In some embodiments, the barrel 330 is rotated until the housing-engaging elements 304, 305 are positioned with respect to the housing 314 to that they can be extended into engagement with the housing in order to prevent rotation of the barrel 330 with respect to the housing. In the embodiment illustrated in FIGS. 18A-18E, the barrel 330 is rotated approximately 180 degrees for this purpose, although larger or smaller rotations are possible depending at least partially upon the initial positional relationship between housing-engaging elements 304, 305 and the housing 314.

After the barrel 330 has been rotated as just described, the tumbler elements 323 remain engaged when the key 301 is extracted from the barrel 330 due to the inward position of the follower 370 (see FIG. 18D). When the key 301 is removed, the spring 312 may bias the tumbler elements 323, which then can cause the housing-engaging elements 304, 305 to engage the housing 314, such as by entering one or more grooves, recesses, or other apertures in the housing 314. This engagement prevents the barrel 330 from rotating with respect to the housing 314 without the key 301 in the barrel 330. The useable range of barrel rotation is approximately +60□ in the embodiment illustrated in FIGS. 18A-18E, although smaller or larger usable ranges of barrel rotation are possible in other embodiments of the present invention.

To change the code of the lock assembly 329, the key 301 that the lock assembly 329 is coded to can be used to unlock the lock assembly 329 and to rotate the barrel 30 back to its coding position (see for example, FIGS. 18A and 18B). The key 301 can then be extracted and another key with a different code can be inserted. Next, the same steps discussed above can be followed to code the lock assembly 329 with the different key 301. After rotation back to the useable range of barrel rotation, only the new key 301 will unlock the lock assembly 329.

Another embodiment of a pivotable tumbler lock assembly according to the present invention is illustrated in FIGS. 19-21. Like the tumbler lock assembly 29 in the embodiments illustrated in FIGS. 1-18, the embodiment illustrated in FIGS. 19-21 employs pivotable tumblers 423. However, unlike the previous embodiments, the tumblers 423 are located substantially outside of the barrel 430, and can have portions extending within the barrel 430. The tumblers 423 in the illustrated embodiment of FIGS. 19-21 are located within the housing 414, and are pivotable about locations external to the barrel 430.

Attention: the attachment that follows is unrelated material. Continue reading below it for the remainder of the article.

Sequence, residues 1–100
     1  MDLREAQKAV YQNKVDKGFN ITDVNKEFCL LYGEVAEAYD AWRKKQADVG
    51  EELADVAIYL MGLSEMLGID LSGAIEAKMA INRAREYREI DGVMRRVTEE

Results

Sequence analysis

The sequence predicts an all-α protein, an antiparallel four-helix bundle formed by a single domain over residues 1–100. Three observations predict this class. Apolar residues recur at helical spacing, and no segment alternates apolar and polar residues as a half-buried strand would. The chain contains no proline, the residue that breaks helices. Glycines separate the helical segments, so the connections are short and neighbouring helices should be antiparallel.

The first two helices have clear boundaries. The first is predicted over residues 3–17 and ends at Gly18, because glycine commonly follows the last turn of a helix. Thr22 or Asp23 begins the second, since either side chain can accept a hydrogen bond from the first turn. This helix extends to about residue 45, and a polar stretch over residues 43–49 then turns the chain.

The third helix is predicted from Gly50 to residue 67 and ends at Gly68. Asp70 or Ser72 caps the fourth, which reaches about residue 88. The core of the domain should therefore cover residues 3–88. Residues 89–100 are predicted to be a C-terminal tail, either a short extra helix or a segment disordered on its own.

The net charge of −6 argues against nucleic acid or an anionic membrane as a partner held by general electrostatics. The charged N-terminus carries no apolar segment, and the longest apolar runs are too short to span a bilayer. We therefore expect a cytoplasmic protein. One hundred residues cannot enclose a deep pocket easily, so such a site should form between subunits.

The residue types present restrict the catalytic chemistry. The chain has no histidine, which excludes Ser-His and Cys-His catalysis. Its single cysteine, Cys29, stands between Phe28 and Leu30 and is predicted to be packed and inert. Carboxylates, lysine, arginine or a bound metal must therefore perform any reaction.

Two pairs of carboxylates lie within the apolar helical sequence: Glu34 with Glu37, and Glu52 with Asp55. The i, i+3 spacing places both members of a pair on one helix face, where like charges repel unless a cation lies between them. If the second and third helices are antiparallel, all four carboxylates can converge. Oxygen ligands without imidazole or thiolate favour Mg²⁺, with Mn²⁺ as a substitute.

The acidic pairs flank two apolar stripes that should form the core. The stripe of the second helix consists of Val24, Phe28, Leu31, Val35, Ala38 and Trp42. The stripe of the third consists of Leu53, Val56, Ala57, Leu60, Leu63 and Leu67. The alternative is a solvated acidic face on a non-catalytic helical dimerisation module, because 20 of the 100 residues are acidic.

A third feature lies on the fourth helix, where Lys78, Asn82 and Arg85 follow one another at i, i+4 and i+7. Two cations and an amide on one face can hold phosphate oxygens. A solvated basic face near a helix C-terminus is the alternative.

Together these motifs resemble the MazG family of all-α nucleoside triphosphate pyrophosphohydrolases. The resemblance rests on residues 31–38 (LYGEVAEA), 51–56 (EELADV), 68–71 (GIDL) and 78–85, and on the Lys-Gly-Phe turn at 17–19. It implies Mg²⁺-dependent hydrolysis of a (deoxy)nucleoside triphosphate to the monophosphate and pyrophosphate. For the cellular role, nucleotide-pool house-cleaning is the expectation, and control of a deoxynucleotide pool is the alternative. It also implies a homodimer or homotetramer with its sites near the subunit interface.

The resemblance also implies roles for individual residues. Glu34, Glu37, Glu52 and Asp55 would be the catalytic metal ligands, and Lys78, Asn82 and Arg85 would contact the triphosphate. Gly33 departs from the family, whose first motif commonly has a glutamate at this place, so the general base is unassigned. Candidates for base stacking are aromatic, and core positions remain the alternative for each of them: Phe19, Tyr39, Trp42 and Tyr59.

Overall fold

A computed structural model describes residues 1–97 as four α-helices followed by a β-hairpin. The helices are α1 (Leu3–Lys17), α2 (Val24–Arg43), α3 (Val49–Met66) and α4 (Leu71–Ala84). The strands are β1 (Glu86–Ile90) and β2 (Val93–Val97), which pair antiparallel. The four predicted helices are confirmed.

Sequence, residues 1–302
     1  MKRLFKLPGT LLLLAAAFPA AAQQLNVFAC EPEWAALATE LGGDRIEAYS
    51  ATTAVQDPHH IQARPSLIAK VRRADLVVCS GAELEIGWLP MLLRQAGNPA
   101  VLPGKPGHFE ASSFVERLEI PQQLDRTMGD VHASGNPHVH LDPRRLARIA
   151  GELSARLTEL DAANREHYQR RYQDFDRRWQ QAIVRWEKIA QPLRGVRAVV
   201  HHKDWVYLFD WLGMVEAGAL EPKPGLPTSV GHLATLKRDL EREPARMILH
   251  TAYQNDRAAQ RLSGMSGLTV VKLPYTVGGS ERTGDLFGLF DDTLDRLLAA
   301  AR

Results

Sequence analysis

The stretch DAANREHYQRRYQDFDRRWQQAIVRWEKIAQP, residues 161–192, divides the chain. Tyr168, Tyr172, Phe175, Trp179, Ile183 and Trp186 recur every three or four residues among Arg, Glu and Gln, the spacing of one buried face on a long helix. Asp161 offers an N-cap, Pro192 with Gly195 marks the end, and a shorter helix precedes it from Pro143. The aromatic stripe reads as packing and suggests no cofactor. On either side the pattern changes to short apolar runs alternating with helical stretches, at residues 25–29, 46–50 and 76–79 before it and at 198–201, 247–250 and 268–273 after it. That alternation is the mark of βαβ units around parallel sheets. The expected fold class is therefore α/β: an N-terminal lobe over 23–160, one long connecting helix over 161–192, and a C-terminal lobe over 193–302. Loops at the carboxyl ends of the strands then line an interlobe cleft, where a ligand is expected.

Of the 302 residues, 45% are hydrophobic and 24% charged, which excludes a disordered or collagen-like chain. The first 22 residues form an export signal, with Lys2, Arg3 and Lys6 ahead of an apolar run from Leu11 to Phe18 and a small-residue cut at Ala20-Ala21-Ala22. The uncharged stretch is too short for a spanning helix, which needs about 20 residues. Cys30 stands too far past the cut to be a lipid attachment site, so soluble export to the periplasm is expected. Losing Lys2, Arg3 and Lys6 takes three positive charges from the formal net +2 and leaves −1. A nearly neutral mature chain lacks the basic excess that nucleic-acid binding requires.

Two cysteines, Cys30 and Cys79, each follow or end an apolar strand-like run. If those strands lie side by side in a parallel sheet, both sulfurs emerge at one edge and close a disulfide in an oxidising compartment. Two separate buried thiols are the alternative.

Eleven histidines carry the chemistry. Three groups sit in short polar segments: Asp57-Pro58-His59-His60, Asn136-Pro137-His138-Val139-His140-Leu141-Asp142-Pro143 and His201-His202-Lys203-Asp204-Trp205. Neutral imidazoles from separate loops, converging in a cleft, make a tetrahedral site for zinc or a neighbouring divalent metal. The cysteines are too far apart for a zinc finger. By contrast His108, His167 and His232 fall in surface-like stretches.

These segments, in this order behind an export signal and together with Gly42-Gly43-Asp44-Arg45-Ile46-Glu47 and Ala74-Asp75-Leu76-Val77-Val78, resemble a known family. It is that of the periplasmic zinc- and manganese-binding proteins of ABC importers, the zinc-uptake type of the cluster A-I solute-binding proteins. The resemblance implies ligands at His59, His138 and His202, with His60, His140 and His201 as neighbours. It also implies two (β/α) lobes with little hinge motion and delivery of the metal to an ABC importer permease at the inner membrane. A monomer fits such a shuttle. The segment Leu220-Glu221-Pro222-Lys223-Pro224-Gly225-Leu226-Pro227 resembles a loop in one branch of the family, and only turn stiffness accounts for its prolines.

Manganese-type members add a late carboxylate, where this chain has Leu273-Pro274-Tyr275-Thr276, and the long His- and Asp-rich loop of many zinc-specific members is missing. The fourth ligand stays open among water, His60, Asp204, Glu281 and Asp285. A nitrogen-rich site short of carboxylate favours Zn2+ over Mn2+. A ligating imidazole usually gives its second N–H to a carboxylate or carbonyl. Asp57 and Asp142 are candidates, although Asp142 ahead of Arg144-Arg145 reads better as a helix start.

With reference first to FIG. 19, the lock assembly 429 of the present embodiment has a housing 414 that accommodates and supports various working components of the lock assembly. For example, the housing 414 can accommodate a barrel 430 selectively rotatable with respect to the housing 414 and one or more pivotable tumblers 423. In the illustrated embodiment of FIGS. 19-21, a sidebar 484 and an indexed pivot guide 488 is also located within the housing 414. The sidebar 484 is movable to engage the barrel 430 in a locked state in which the barrel 430 is restricted from rotation with respect to the housing 414. The housing 414 can have an aperture within which the barrel 430 is axially received, or can be otherwise shaped to receive the barrel 430. In addition to housing the pivotable tumblers 423, the housing 414 can also house one or more resilient biasing members (such as springs 412) positioned to bias some or all of the pivotable tumblers 423 in a direction generally toward the barrel 430. In some embodiments such as the embodiment illustrated in FIG. 19, the biasing members can be inserted within one or more apertures of the housing 414 and held in place by a housing plate 414 a. In some embodiments, the housing 414 has a plurality of internal grooves 436, 437 that accept and receive portions of the pivotable tumblers 423 for maintaining the pivotable tumblers 423 in proper arrangement.